The market is baiting copycats of the mystery trader called '50 Cent'

For a limited time, you can wager on a stock market sell off for a low, low price.

The lowest price since 2014, in fact.

The trade in question is the purchase of contracts wagering that the CBOE Volatility Index will reach 14 over a 13-day period — in this instance, ahead of May 14 expiration.

The so-called S&P 500 fear index finished last week at 10.82, about 40% below its bull market average, and briefly fell below 10 on Monday.

Such an investment would mirror the efforts of the mystery trader known only as “50 Cent,” who earned the nickname by buying gobs of volatility contracts roughly costing that much, set to profit from a spike in the fear gauge.

Also known as the VIX, the index in question is a measure of expected price swings in US equities that serves as a barometer for investor nervousness. It generally climbs as stocks fall, so purchases of VIX contracts translate to bearish wagers on the S&P 500.

At about 50 cents a pop, the aforementioned VIX call options expiring in 13 days have only been this cheap on a couple of occasions since the start of 2011, and not in three years, according to data compiled by Macro Risk Advisors. While the firm doesn’t normally recommend buying volatility just because of low prices, they think it’s more than reasonable right now.

“We have seen the VIX jump nearly instantly from extremely low levels to 20-plus,” Pravit Chintawongvanich, the head of derivatives strategy at MRA, said in a client note on Monday. “Even a minor disruption to the recent placidity” could make the trade profitable, he wrote.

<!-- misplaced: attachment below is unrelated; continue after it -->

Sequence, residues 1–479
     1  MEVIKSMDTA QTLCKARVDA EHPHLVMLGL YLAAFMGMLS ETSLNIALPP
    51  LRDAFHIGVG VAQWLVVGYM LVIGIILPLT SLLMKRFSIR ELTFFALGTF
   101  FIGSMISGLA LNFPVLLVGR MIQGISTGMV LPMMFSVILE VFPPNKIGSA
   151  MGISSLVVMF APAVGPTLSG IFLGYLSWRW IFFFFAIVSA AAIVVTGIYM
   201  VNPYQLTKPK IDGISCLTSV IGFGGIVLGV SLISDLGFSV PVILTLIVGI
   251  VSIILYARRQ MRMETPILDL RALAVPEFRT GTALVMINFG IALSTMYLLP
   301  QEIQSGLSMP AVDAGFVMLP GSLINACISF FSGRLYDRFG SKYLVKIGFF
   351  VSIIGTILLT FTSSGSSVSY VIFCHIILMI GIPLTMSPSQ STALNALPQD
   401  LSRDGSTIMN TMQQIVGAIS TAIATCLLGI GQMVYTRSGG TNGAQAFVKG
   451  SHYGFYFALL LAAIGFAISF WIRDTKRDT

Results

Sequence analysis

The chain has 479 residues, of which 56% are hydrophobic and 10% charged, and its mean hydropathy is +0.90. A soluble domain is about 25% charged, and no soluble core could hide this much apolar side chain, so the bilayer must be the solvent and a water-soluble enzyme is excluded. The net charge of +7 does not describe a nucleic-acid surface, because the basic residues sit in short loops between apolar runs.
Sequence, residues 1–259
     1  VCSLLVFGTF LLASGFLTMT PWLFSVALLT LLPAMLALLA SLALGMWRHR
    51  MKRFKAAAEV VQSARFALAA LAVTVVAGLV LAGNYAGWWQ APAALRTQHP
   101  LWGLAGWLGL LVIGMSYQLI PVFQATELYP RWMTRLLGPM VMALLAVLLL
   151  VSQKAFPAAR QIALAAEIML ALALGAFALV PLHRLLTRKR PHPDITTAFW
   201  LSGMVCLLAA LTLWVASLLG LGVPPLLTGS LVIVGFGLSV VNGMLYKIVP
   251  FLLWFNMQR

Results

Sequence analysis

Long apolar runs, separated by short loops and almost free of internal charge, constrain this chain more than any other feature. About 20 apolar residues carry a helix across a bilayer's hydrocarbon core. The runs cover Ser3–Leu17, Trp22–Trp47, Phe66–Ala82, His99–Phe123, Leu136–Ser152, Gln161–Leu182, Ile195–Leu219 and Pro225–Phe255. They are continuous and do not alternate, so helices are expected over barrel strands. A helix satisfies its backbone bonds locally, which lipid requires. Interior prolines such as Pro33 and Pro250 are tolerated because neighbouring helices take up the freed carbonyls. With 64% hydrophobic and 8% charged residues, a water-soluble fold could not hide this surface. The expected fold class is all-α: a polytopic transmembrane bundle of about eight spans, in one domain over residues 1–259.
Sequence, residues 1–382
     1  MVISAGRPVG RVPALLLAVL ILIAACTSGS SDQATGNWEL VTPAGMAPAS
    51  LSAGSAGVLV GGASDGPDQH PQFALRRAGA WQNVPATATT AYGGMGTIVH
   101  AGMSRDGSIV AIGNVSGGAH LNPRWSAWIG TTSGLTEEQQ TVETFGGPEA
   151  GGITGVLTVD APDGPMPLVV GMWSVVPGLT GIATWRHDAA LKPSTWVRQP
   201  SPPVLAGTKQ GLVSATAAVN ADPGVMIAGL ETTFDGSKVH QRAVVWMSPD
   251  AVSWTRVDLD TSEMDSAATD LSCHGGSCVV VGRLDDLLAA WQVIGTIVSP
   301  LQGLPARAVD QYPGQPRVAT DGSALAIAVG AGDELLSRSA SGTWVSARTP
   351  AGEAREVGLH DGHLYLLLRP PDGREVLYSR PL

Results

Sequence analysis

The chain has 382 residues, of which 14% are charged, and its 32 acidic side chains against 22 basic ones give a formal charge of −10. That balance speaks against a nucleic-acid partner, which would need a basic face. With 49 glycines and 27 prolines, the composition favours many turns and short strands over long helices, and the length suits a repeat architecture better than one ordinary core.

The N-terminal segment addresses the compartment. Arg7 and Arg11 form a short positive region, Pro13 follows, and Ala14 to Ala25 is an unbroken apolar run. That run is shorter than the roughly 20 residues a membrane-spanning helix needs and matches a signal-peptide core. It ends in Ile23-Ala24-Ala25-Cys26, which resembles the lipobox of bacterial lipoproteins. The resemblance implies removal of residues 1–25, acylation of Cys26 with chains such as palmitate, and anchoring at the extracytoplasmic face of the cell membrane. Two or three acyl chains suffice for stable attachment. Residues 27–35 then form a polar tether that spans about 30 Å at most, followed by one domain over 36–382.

But buyer beware. It’s been a tough road for the anonymous volatility vigilante more commonly known as 50 Cent. The trader has already seen $US89 million in wagers expire worthless in 2017 as the VIX has remained at subdued levels, MRA data show.

The fear gauge was locked in a range between 10 and 14 for the first three months of 2017, and while it’s since climbed as high as 15.96, it’s been stuck well below 14 since a single-day plunge of 26% one week ago.

If you do decide to bet on a near-term VIX spike, 50 Cent would love to join you, except he or she already owns about 450,000 VIX calls expiring in May. As of late last week, the trader is now funelling money into bets set to expire in July and August. After all, volatility prices are collapsing, making longer-dated wagers more appealing.

The cost of these contracts? You guessed it: 50 cents.

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